TRESPASS - Starring Nicholas Cage and Nicole Kidman Premieres Today On DemandOctober 13, 2011

TRESPASS - Starring Nicholas Cage and Nicole Kidman Premieres Today On Demand

Millennium Entertainment

On Demand Weekly provides new movie reviews of hot movies on demand and from the POV of watching from the comfort of your home. Today’s review: TRESPASS (Millennium Entertainment).

Click Here For On Demand Weekly's Exclusive Interview With Director Joel Schumacher


TRESPASS - Starring Nicholas Cage and Nicole Kidman Premieres On Demand
By Chris Claro


This thing we call VOD is a strange beast. Populated mostly with smaller-budget independent films of a particular pedigree, video on demand has, in its relatively brief existence, encouraged the discovery of actors, writers, and directors who fly below the radar. It has offered a space to esoteric documentaries and earnest, star-free features shot in the hinterlands on a shoestring.

But every once in a while, it seems, a real live Hollywood-type movie premieres on VOD. Maybe a distribution deal falls through. Maybe there’s no marketing budget. Or maybe the director and his two Oscar-winning stars have holes in their schedules and villa payments to make.

Whatever the reason, TRESPASS, the new film directed by Joel Schumacher (THE LOST BOYS) and starring Nicolas Cage (LEAVING LAS VEGAS) and Nicole Kidman (THE HOURS) appears to be just such a movie. Released by Millennium, TRESPASS will have a day-and-date premiere “in theaters or order it with your remote,” as the breathless promos bark.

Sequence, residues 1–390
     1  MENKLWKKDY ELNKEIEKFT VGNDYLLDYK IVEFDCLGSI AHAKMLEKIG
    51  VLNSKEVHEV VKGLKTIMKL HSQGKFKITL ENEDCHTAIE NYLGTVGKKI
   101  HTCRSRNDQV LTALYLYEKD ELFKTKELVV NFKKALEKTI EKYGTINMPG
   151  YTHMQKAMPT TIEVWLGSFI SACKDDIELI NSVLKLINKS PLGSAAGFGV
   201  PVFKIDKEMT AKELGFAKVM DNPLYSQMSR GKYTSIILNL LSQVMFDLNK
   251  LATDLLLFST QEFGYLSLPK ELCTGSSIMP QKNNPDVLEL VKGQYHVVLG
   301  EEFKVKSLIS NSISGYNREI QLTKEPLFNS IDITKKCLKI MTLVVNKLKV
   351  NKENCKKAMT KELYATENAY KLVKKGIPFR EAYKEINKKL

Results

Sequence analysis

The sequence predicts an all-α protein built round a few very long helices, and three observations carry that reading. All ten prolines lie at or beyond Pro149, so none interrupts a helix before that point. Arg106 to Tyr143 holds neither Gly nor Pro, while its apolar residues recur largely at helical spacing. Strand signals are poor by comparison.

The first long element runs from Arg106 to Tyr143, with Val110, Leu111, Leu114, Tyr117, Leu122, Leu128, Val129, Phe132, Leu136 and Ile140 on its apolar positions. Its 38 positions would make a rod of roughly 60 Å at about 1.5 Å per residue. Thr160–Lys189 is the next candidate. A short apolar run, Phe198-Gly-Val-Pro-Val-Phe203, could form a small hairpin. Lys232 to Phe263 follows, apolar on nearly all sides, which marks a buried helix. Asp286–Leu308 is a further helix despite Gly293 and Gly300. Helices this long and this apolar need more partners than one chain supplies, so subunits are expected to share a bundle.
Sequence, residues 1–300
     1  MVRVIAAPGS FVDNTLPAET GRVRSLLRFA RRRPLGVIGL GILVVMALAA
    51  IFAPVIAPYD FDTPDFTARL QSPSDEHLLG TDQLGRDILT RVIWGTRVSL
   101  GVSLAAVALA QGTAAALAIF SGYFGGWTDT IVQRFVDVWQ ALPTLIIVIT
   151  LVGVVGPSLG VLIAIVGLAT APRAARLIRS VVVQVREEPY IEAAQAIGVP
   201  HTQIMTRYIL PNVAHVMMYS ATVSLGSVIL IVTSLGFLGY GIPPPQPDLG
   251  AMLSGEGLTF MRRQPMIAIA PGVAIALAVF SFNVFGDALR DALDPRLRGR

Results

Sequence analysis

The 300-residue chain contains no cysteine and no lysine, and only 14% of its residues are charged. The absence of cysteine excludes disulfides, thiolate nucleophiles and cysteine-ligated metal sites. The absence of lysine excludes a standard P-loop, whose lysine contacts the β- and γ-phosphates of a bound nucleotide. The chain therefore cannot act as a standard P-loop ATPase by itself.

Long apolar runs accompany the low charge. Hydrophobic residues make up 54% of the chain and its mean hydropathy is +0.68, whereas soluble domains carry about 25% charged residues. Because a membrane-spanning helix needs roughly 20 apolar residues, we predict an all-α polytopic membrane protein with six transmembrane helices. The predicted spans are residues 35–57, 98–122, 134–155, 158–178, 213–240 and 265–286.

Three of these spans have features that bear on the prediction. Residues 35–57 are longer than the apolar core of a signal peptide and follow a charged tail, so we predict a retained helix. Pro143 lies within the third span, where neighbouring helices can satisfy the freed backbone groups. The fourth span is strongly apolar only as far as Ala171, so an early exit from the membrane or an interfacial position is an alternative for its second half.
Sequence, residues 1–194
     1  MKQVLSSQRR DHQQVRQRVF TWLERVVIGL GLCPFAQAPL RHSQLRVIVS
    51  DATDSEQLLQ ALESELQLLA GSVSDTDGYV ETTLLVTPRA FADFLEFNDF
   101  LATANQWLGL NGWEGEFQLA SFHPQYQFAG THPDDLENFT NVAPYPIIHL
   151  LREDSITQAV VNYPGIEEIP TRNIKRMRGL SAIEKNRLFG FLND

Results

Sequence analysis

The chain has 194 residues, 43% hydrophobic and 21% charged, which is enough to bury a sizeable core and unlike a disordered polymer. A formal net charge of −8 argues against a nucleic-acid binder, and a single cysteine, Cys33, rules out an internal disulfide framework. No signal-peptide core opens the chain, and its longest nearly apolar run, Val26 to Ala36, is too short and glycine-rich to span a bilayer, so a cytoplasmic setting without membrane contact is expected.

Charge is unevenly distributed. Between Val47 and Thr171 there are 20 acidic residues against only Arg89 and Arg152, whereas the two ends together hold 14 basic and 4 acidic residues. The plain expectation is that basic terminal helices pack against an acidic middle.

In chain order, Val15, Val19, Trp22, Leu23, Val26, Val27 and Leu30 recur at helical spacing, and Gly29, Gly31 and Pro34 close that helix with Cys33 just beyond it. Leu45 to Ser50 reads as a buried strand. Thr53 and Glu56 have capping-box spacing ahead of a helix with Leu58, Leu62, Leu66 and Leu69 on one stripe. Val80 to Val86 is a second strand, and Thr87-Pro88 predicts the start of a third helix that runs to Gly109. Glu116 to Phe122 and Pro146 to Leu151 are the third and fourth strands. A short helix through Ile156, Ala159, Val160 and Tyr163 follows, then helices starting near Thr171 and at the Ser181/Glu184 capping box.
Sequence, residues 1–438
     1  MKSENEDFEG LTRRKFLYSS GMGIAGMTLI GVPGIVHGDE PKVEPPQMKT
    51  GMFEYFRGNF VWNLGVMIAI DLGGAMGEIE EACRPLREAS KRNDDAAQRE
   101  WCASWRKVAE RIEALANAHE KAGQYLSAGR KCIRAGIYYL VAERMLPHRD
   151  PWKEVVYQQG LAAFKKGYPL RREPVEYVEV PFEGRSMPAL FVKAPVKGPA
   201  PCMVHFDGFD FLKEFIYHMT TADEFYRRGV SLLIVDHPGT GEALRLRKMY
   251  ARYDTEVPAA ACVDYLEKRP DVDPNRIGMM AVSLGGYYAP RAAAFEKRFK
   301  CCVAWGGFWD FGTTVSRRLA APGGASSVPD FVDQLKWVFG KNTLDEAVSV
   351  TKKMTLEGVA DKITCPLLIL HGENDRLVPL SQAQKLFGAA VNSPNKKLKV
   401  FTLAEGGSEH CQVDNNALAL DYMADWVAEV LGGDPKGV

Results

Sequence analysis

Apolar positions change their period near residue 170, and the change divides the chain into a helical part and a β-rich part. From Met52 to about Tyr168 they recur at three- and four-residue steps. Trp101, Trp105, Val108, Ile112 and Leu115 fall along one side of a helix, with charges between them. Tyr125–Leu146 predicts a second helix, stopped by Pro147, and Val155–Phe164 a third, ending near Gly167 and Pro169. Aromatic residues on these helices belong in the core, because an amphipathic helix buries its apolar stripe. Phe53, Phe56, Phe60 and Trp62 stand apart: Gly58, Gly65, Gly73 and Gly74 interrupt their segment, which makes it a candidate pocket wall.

So now there are two venues in which to experience this turgid home-invasion thriller that starts at ridiculous, wends its way toward outlandish, and settles, in its third act, into total presposterousness. Cage plays Kyle Miller, a diamond broker whose go-go career has Kidman, the missus, feeling ignored. Aside from their issues, the couple has to contend with a typically self-obsessed and selfish teenage daughter. When a quartet of sadistic villains violates the Miller sleek sanctuary in pursuit of stones, cash, and maybe a kidney, the contrivances run amok, piling atop one another until they can’t do anything but topple over.


The bad guys, led by a genuinely scary Ben Mendelsohn (ANIMAL KINGDOM), have agendas, and the schematic script by Karl Gadjusek gives each member of the foursome his or her big scene to explain why they’re not really that bad, just misunderstood. Whether one is trying to recover his lost drug dough, regain custody of her daughter, or just express his psychopathic love for the ravishing Mrs. Miller, the crooks are each given paint-by-number colors that Gadjusek fills in dutifully.

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Joel Schumacher Brings His Talents To On DemandOctober 14, 2011

Joel Schumacher Brings His Talents To On Demand

Millennium Entertainment

On Demand Weekly's VOD Spotlight highlights stories from the On Demand industry. Chris Claro interviews director Joel Schumacher about TRESPASS (Millennium Entertainment).). Read our review of the film here.